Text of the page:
The Not So Great Gatsby Is Thankful … and Not So Thankful
All the many tidings of the season to you and yours! I hope you had a wonderful Thanksgiving and gobbled up your share of turkey. 2013 was such a great year for me personally. I had so many new and strange and wonderful experiences that is was nice to spend a couple days reflecting on how fortunate I am. There is a saying, “The harder you work, the luckier you get.” So, I’ve been lucky a lot lately, but I’m working harder than ever. And I love every minute of it.
At Thanksgiving dinner we go around the table, and we each say what we are thankful for, but we also get to name something for which we are not thankful. What made you feel grateful this year? What made you cringe? Something I am thankful for is Rhode Island passing the marriage equality law. It’s really difficult to be progressive and yet simultaneously ass backwards policywise, but somehow little Rhody pulls it off. I am thankful they got this one right only about 13 years after Vermont.
I am thankful that Rhode Island kept its stores closed on Thanksgiving. Only in America can we follow up a day where we give thanks for the things we have by trampling over folks to buy something we really don’t need. I am glad that the shadow of Black Friday didn’t encroach on us eating until we pass out on the couch in front of a football game, the way God intended.
I am thankful for the incredible farm to table movement in this state. By acting locally and buying from area farmers, you know who grew your food, and under what conditions. Remember last week how it was 16 degrees one day and 60 degrees the next? Well, these folks have to grow vegetables and livestock in that weather. Want to know more about how free your free range chickens are? Head up to the farm and take a look. Think the Perdue people would let you do that? Besides being better for the environment and local economy, groups like Trace and Trust and Farm Fresh RI have made it pretty easy to get the food onto your table. And the farmers market on Saturday morning is a great way to start your weekend, and much more fun than pushing a cart under florescent lights with the rest of the zombies. Don’t feel like cooking? You can find local ingredients all over town from Nick’s on Broadway (you should follow Chef Derek Wagner on Instagram immediately) to Farmstead to Cook and Brown.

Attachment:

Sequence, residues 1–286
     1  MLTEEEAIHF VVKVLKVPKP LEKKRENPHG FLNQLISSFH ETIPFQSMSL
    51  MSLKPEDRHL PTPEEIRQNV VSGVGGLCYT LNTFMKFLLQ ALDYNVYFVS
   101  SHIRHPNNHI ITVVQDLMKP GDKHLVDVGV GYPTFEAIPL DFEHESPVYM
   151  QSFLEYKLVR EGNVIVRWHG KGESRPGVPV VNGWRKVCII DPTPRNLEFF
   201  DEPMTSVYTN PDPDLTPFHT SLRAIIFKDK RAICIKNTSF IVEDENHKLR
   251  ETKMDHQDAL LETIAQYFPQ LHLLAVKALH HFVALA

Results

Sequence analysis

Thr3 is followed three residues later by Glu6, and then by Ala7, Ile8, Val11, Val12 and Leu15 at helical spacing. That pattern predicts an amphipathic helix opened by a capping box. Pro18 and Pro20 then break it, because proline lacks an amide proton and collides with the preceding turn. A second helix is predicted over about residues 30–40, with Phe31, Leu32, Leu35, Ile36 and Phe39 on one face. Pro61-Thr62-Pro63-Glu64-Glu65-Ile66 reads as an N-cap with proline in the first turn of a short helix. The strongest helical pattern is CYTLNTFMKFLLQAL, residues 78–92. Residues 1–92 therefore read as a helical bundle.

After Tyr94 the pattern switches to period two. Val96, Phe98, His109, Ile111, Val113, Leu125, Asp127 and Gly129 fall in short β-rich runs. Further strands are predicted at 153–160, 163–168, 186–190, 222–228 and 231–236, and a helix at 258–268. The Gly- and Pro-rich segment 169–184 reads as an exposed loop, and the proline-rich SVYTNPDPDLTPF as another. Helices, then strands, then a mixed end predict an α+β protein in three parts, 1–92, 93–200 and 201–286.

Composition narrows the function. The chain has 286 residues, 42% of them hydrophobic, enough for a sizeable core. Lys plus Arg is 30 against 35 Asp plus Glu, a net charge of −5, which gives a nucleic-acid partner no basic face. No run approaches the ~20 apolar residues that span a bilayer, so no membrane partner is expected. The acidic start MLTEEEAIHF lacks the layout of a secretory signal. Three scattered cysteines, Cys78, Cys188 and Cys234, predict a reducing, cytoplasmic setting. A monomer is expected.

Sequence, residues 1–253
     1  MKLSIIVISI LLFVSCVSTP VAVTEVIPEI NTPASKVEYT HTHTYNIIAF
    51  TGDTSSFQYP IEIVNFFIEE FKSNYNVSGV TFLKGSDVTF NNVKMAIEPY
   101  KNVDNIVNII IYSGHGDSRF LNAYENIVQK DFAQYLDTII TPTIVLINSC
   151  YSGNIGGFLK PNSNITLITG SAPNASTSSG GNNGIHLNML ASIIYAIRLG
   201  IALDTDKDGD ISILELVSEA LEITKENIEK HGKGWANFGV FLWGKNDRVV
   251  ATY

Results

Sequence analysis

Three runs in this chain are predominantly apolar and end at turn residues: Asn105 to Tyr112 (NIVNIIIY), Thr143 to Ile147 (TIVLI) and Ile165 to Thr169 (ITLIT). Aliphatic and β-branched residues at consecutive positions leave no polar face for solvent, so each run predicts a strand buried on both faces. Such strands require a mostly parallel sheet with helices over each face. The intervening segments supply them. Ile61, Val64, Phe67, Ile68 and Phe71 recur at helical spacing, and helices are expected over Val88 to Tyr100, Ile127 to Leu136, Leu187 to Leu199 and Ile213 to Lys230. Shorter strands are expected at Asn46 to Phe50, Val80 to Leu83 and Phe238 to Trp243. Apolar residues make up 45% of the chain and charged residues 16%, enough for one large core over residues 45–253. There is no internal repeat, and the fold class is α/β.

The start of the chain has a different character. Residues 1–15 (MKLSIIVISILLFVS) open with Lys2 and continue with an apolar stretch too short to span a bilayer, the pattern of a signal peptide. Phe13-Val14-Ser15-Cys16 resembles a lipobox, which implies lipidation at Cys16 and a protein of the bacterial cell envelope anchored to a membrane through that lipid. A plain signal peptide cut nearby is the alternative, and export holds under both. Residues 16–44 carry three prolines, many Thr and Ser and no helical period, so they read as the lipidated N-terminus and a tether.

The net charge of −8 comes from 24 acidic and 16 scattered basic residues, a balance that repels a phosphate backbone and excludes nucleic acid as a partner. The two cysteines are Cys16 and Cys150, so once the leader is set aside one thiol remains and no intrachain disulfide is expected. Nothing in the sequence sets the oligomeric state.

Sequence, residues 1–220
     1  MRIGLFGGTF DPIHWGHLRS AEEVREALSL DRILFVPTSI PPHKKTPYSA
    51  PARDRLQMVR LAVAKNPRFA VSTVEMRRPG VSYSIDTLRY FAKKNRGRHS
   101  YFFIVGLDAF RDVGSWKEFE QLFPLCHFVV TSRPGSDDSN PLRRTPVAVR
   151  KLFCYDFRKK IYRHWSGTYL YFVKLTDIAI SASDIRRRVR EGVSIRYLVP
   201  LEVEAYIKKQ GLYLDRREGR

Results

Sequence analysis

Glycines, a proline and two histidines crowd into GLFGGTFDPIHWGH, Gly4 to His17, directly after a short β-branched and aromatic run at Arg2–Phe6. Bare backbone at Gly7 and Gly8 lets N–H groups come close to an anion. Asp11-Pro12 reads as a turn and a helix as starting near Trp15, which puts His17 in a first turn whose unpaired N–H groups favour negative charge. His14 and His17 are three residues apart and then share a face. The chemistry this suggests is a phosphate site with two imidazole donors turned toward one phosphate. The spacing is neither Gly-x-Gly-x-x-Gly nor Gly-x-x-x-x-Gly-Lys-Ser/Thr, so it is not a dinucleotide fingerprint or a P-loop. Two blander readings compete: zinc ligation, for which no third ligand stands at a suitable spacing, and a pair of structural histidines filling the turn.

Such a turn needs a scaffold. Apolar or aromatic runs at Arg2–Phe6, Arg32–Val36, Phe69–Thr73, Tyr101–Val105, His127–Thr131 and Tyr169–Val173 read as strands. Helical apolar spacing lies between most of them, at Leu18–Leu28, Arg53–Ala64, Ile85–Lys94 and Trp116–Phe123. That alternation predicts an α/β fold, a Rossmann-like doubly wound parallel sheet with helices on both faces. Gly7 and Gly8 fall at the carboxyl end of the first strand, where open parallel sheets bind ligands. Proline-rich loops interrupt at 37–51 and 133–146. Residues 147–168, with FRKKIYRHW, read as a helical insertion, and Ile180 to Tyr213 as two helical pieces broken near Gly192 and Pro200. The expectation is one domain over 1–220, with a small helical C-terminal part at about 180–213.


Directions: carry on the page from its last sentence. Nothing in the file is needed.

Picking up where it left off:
Something I am less than thankful for this year is the political power grab in the state. There was a time, not long ago, that our youngster aren’t old enough to remember, when politicians ran for office to serve the people of that city or state. If elected, they told you what they were going to try to improve, and they usually at least made an honest attempt. Then, if successful, their constituents urged that person to run for higher office. The politician had a track record and had earned the trust and, dare I say, admiration of the people he or she served. I guess what I am saying is that I wished that someone in this state would take a stand against the status quo and accomplish something before attempting to run for a higher position. Leave an office better than how you found it. Rhode Island has one-eighth the number of people of New York City. Connecticut has three and a half times as many people. It’s difficult for me to accept that a state with our resources and potential can’t get things turned around unless there is something fundamentally wrong with the leadership. I hope to add this to the thankful list in the coming years, but something will have to change drastically.
No matter our station in life or how low we get, there is something amazing about the human spirit that allows us to be grateful for how good we have it. Things could always be worse, and while it is sometimes difficult to see when you are staring right at it, being grateful gives you perspective, and from perspective it is easier to have some hope that things can and will get better. During the holidays, make sure you tell the special people in your life how much you care for them, and look out for those who may not have anyone else. By performing a random act of kindness, you may be surprised who ends up the grateful one. Happy holidays, Old Sport.